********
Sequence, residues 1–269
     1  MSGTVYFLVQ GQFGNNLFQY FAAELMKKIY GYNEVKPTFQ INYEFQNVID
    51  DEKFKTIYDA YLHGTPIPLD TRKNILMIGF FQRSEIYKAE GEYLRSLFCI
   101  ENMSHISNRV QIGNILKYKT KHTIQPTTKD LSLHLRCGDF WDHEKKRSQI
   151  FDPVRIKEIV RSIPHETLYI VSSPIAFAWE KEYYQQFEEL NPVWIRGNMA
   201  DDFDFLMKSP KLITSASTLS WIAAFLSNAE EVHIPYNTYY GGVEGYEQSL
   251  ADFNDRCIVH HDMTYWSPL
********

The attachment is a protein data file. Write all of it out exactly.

Sequence, residues 1–269
     1  MSGTVYFLVQ GQFGNNLFQY FAAELMKKIY GYNEVKPTFQ INYEFQNVID
    51  DEKFKTIYDA YLHGTPIPLD TRKNILMIGF FQRSEIYKAE GEYLRSLFCI
   101  ENMSHISNRV QIGNILKYKT KHTIQPTTKD LSLHLRCGDF WDHEKKRSQI
   151  FDPVRIKEIV RSIPHETLYI VSSPIAFAWE KEYYQQFEEL NPVWIRGNMA
   201  DDFDFLMKSP KLITSASTLS WIAAFLSNAE EVHIPYNTYY GGVEGYEQSL
   251  ADFNDRCIVH HDMTYWSPL